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Currently I just go to each of our servers to type

adduser <username> --firstuid 1101 --gid 1001 --disabled-password

to add a user. Is there a quicker way to do so on all servers at the same time? Thanks.

UPDATE:

After running the above command, some user information is required to be filled: "Full Name:","Room Number", "Work Phone", etc. I would like to only fill in this information once and to be used for the user creation on all machines. Thanks.

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2 Answers 2

up vote 1 down vote accepted

UPDATE

I am not sure if you need to add the same users to each server or if each server has its own user. I will give you a solution for either situation.

Adding a list of users to each server

The best tool for this job is newusers. You will need to create a text file containing the list of users and their details. If you want to add the same user to each server, this file will only need one line.

  1. Create the user's list. The general format of the file is

    username:passwd:UID:GID:full name,room number,work phone,home phone,other:directory:shell
    

    So, in your case, you would need to use something like

    tom:password1:::"Tom Hanks","101","123456","654321","Tall"::
    danny:password2:::"Danny DeVito","102","222333","333222","Short"::
    

    Note that I have left the UID, GUID, directory and shell options empty. This means that default values will be used.

  2. Now that you have created the list, you will need to copy it to each remote machine and then add the new users. For this, you will still need a list of relevant hostnames or IPs, one per line, as in my previous suggestion. Once you have all this set up, save this little script as newusers.sh:

    #!/bin/bash
       while read ip; do
         scp users.txt root@$ip:/home/root
         ssh root@$ip newusers users.txt
       done
    
  3. Make the script executable (chmod a+x newusers.sh) and run it for each IP in your file:

    newusers.sh < IPs.txt
    
  4. This will all be much easier if you have password-less ssh set up. If you don't, run the following commands to use ssh keys allowing password-less access (you will still need a passphrase):

    ssh-keygen -t rsa
    while read ip; do ssh-copy-id -i ~/.ssh/id_rsa.pub root@$ip; done < IPs.txt
    

Adding a different user to each server

In this case, I would create a slightly different file. It should have an IP or hostname, its corresponding user and the details needed to create her on each line. Assuming you want to set up passwords, you can have the plain text (obviously some security concerns here, don't know if they are relevant in your case) password as the fourth field. Also, in order to correctly parse names with spaces, make sure you use a non-space charcater as field separator. In the example below, I am using - :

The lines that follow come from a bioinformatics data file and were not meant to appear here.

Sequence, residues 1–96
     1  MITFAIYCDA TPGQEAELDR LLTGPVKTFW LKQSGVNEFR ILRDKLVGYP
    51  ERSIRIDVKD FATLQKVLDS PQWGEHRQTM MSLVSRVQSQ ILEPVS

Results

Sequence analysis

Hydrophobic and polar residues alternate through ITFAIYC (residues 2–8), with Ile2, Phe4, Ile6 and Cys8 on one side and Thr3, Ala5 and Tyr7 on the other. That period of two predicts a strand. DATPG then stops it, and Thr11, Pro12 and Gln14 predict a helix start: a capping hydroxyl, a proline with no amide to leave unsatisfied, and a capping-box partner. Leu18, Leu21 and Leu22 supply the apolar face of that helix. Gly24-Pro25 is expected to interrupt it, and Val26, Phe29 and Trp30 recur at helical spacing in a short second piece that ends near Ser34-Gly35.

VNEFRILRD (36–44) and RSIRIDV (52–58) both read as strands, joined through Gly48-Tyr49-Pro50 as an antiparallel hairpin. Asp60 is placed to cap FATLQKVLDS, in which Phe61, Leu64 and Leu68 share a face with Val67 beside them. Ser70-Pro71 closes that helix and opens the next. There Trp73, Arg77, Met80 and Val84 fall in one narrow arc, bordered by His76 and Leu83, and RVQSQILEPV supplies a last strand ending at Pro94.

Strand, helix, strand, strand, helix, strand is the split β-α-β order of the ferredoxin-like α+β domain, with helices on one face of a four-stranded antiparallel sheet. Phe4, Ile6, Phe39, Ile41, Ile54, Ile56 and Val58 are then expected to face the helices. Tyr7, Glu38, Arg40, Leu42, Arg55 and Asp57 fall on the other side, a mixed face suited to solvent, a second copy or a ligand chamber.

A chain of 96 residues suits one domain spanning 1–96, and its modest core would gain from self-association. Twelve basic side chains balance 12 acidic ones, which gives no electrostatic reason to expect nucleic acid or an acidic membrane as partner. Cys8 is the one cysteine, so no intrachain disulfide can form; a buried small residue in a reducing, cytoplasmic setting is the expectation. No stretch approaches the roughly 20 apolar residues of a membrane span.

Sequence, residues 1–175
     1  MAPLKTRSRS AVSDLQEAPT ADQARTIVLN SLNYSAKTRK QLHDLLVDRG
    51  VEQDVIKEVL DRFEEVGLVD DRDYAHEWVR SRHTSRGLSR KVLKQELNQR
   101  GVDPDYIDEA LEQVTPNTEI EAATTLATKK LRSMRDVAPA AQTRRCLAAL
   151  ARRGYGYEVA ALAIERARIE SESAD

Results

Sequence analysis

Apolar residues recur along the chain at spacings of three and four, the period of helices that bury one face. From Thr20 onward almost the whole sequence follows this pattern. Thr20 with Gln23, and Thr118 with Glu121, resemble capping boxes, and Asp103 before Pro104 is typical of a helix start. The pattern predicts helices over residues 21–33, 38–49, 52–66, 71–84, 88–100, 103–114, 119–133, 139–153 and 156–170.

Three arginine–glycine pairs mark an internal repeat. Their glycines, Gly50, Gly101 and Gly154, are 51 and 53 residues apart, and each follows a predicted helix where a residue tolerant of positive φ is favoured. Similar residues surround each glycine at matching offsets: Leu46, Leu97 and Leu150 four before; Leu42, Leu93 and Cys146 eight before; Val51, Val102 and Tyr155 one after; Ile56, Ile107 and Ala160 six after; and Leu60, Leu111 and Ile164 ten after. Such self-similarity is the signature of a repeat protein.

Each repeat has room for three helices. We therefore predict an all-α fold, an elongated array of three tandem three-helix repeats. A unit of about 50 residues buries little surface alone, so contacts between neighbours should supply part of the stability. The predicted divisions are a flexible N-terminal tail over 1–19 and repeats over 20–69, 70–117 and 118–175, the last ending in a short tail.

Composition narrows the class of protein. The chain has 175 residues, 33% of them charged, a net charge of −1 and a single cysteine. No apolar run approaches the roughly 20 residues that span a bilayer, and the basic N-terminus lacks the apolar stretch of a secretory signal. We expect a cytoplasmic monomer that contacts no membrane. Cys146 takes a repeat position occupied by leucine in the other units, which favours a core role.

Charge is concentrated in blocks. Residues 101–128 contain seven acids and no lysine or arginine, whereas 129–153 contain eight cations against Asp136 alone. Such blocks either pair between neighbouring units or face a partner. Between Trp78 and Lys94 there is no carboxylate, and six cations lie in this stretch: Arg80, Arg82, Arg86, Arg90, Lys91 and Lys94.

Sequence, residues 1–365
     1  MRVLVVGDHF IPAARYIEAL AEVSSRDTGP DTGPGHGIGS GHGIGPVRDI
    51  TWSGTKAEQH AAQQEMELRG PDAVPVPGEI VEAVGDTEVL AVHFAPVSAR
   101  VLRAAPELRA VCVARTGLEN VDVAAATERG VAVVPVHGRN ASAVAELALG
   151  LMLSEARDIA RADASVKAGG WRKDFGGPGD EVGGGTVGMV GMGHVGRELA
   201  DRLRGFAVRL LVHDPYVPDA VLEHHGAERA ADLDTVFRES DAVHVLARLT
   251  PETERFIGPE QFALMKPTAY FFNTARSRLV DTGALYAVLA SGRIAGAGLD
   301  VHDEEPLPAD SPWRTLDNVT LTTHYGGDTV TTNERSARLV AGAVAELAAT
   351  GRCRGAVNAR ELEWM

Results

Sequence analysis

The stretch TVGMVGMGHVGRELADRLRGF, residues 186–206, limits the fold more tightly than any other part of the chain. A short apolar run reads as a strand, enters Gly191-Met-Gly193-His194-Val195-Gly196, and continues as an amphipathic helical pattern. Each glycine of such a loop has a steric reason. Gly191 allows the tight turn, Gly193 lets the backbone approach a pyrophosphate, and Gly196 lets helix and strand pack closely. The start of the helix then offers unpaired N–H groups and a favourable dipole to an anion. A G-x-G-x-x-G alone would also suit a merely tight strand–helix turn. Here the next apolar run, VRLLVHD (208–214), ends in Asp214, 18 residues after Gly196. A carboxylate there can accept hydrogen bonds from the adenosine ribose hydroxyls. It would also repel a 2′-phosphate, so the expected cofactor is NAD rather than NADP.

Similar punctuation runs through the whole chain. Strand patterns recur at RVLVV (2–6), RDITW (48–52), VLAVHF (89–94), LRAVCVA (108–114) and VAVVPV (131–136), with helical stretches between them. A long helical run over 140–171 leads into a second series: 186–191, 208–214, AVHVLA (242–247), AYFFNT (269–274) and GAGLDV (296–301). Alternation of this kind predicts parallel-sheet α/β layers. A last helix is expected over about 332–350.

192.168.1.10-tom-"Tom Hanks","101","123456","654321","Tall"-pass1
192.168.1.10-danny-"Danny DeVito","102","222333","333222","Short"-pass2

Now loop through the file and create each user on the corresponding machine. Make sure to set the IFS variabe to your field separator in order to parse spaces correctly:

while IFS='-' read ip name opts pass; do \
   ssh root@$ip useradd $name -mc $opts -p `openssl passwd $pass` -s /bin/bash \
done < list.txt
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hmhm.... in this case, I will still need to input all the duplicated details (name, office, tel num, etc.). Any other ideas? Thanks. –  Kenneth Jan 30 '13 at 4:58
    
@Kenneth a centralized user database is probably a good idea. However, if you were to update your question to include your full requirements, I should be able to modify my answer. What are the duplicated details? What is the actual command you need to type on each server? You could just add them to the file with the IPS and usernames. –  terdon Jan 30 '13 at 21:49
    
thanks terdon. I checked the man page of adduser, it doesn't seem there is any option to put the user detail, eg. Full name, Room num, etc. in the command line. Note that the Full name most likely contains space. Thanks. –  Kenneth Jan 31 '13 at 2:11
    
Fantastic terdon!!! Thanks heaps. sorry sor my slow response as I was stuck in other projects and just got back to managing the servers. –  Kenneth Feb 18 '13 at 3:59

Why not use some centralized user database, like LDAP (either OpenLDAP or better 389 Directory Server)?

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I got no idea what LDAP is. Just had a look at the wiki, it's for organising a set of records. How to use it for user management in Operating System? Thanks. –  Kenneth Jan 30 '13 at 4:59
    
LDAP is used exactly to keep records on users. Perhaps looking a ibm.com/developerworks/linux/library/l-openldap helps. –  vonbrand Jan 30 '13 at 10:37

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